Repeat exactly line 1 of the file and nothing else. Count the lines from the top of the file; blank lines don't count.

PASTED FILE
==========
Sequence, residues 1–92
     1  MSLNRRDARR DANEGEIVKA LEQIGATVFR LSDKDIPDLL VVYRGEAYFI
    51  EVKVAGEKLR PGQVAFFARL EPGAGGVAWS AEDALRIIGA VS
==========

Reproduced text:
Sequence, residues 1–92